he felt that reprocessing of nuclear fuel would encourage nuclear proliferation. So
President Carter decided that the USA should "lead by example"; and that if the
USA decided to forego reprocessing, that the United Kingdom and France would
naturally follow the lead of the USA. The United Kingdom and France aren't
lemmings that do whatever the USA does; and they pursued policies that are in
their own interest.

That legislation has stood for nearly 30 years. Few politicians have had the courage to
revisit it. At one point, President Ronald Reagan suggested a change, and that went
nowhere. Politicians of neither Party have seen fit to revisit this issue and change it.

The current President Bush has suggested that this be changed, and the Dept of Energy
is starting to look at the issue. You can see the response from the anti-nukes as shown
in the links to "Union of Concerned Pseudo-Scientists" and Public Citizen that I cited in
my previous post.

They are girding for a new battle with the current Administration over plans to revisit
reprocessing and recycling technology as part of the GNEP - the Global Nuclear Energy
Partnership.

Dr. Gregory Greenman
Physicist
 
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  • #6
253
1
The uranium resources are for all practical purposes unlimited.
When the cheap and easily recoverable uranium starts to run out we can begin to extract it from the ocean and our civilisation will be long gone before we can exhaust that supply.

When people say we have uranium for 70 more years they mean uranium that is economic to recover with todays prices.

This is a nice article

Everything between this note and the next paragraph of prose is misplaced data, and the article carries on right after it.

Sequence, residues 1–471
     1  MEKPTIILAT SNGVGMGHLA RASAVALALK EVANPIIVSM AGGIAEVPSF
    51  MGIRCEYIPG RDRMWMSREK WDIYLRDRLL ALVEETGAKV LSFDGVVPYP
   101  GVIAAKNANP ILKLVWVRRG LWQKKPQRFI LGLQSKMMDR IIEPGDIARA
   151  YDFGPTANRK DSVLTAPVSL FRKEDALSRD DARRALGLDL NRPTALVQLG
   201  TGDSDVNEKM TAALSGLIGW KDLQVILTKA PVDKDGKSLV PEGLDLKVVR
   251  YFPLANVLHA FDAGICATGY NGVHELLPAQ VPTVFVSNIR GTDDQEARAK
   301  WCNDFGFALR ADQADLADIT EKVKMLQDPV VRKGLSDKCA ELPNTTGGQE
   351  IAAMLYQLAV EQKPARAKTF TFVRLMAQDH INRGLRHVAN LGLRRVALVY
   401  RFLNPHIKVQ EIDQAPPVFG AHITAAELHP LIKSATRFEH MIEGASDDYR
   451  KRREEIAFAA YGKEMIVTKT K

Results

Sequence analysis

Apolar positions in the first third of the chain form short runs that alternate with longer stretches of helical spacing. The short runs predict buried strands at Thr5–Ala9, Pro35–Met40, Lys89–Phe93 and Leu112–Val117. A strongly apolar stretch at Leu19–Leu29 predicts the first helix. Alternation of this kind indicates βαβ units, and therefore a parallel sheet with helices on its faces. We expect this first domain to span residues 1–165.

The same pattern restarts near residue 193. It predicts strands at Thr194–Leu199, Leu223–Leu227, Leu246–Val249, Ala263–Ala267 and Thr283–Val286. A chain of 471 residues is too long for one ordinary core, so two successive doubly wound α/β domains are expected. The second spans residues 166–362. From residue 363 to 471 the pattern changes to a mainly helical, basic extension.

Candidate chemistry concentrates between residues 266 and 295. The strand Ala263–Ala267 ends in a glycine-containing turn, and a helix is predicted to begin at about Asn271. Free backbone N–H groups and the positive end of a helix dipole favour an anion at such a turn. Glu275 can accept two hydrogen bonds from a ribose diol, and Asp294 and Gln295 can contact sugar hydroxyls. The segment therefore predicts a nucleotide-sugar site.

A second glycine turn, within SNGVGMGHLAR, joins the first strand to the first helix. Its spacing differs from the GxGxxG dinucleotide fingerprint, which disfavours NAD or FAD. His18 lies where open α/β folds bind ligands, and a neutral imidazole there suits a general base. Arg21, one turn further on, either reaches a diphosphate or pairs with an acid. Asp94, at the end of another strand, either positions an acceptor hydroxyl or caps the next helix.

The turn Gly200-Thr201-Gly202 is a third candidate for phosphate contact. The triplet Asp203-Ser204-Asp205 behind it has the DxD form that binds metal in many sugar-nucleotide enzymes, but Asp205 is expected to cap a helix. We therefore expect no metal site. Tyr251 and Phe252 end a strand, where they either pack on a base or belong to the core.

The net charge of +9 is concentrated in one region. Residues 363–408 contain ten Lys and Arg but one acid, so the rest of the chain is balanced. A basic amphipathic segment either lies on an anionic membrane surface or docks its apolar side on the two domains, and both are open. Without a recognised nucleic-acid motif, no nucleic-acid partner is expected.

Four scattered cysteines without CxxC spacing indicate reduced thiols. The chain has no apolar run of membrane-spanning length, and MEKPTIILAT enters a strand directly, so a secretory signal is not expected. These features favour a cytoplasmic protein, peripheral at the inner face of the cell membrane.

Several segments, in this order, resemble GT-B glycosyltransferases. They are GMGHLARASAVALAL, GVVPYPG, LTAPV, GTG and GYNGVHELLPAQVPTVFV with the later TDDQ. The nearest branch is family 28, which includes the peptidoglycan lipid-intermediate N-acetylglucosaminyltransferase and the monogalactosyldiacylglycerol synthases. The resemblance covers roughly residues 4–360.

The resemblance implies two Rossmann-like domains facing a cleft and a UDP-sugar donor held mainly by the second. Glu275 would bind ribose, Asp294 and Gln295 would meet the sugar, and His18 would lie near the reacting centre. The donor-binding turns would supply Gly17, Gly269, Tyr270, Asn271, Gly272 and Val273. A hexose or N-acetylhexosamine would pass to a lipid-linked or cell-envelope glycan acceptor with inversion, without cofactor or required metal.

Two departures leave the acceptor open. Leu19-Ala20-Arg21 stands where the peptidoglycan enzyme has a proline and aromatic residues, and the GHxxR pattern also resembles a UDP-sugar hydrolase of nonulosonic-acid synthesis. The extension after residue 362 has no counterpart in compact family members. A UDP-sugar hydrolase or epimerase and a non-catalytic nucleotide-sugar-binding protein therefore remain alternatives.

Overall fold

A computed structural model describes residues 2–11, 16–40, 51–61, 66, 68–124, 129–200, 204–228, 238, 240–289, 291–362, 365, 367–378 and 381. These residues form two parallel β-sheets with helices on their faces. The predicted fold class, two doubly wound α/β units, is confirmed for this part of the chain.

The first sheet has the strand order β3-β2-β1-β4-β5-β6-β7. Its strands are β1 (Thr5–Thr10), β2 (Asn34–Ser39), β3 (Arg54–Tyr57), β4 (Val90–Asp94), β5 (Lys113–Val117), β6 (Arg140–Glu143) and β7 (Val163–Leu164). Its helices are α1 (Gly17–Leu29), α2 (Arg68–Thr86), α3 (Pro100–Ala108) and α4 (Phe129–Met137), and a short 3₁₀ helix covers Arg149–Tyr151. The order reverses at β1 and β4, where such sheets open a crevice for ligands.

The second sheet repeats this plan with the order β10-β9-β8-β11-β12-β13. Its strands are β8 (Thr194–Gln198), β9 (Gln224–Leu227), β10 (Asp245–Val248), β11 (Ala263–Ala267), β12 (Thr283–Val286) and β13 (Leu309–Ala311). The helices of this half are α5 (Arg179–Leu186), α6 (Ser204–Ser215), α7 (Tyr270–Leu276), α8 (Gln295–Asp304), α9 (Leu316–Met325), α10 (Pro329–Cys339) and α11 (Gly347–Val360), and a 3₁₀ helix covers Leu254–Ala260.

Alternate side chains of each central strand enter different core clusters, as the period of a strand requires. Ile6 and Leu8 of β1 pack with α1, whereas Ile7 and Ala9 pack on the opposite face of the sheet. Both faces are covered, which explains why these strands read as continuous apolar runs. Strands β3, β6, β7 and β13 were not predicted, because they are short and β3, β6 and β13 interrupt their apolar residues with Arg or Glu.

http://www.uic.com.au/nip75.htm

When we begin to build fast reactors we will be able to fuel them with todays waste alone for several hundrad years.
 
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  • #7
Morbius
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When we begin to build fast reactors we will be able to fuel them with todays waste alone for several hundrad years.
Azael,

Correct - with fast reactors all the "depleted uranium" that now is essentially a unusable
byproduct as far as nuclear power is concerned; then becomes a resource.

With fast reactors; instead of using the 0.7% of natural uranium that is the fissile isotope
U-235; we can use ALL the uranium. The U-235 is already fissile, and fast reactors can
turn the remaining U-238 into Pu-239 which is fissile and can be used as reactor fuel.

With fast reactors; you can multiply your nuclear power reserves by a factor in excess
of 140!!!

Yes - we would have enough nuclear fuel to last for hundreds of years; long enough
to achieve controlled thermonuclear fusion. With 1% of the entire volume of ocean;
nuclear fusion should last for the nearly indefinite future.

Dr. Gregory Greenman
Physicist
 
  • #8
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I believe that if nuclear power is taken to be the ONLY source of power, natural uranium will run out in 50 years.

Reprocessing usually gets a lot of what the input amount of fuel was. 96% of spent uranium is still fissile, and can be used again; which saves 30% of raw uranium from being used at that point in time. Although it does separate plutonium, it does prevent it from being heavily energized and unstable to where it can be used in a nuclear weapon directly.